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Discovery Lecturer makes case for stronger science

Oct. 10, 2013, 10:19 AM

The occasional failings of science tend to draw big headlines — findings that can’t be replicated or increasing numbers of papers that are retracted because studies were improperly or even fraudulently conducted.

Noted writer Carl Zimmer talks about science communication during his recent Discovery Lecture. (photo by Steve Green)

“Why is this happening?” award-winning New York Times science writer and columnist Carl Zimmer asked last week to a packed house attending his Flexner Discovery Lecture in Light Hall.

“The stakes are huge … there are a lot of Ph.D.s being awarded, (but) … tenure-track scientific jobs are getting pretty scarce … and they all come down to what you publish.

“Maybe corners are being cut. There may be a pressure to publish things too soon,” Zimmer said. “They’re stories of human failings.”

At the beginning of his lecture, Zimmer admitted he was not a scientist. But he is a lover of science, of well-done science.

Author of the popular science blog, “The Loom,” hosted by National Geographic, he has written 12 books about science including Evolution: Making Sense of Life, a textbook for biology majors co-authored with University of Montana biology professor Doug Emlen, Ph.D.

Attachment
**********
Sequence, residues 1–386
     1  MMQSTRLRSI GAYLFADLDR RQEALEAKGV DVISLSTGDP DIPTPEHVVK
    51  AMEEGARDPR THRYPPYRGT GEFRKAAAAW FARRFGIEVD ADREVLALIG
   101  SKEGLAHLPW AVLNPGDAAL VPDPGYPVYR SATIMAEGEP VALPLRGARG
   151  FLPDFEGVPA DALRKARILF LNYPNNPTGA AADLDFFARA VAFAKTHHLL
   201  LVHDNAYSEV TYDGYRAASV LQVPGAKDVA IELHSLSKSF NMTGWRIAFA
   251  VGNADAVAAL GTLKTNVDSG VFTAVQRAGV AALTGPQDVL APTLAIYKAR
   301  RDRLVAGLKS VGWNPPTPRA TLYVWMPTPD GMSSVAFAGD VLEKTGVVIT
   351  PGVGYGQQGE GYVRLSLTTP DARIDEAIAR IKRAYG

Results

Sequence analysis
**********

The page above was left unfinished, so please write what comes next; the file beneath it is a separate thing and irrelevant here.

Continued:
He also teaches writing about science and the environment at Yale University. So when Carl Zimmer offered some solutions, his audience listened intently.

“Change the incentives,” he said. Increase statistical power, do larger team science that takes longer, spend more time trying to replicate previously published results by others.

“Scientists don’t get rewarded for that very much,” Zimmer said. “It means you, the scientist, get fewer papers (published). But if science is going to actually deliver results that hold up well, it’s got to move in this direction.”

The famous dictum by the late astronomer and science communicator Carl Sagan still stands, he concluded: “Extraordinary claims require extraordinary evidence.”

Zimmer’s lecture was sponsored by the Office of the Vice Chancellor for Health Affairs.

For a complete schedule of the Flexner Discovery Lecture series and archived videos of previous lectures, go to

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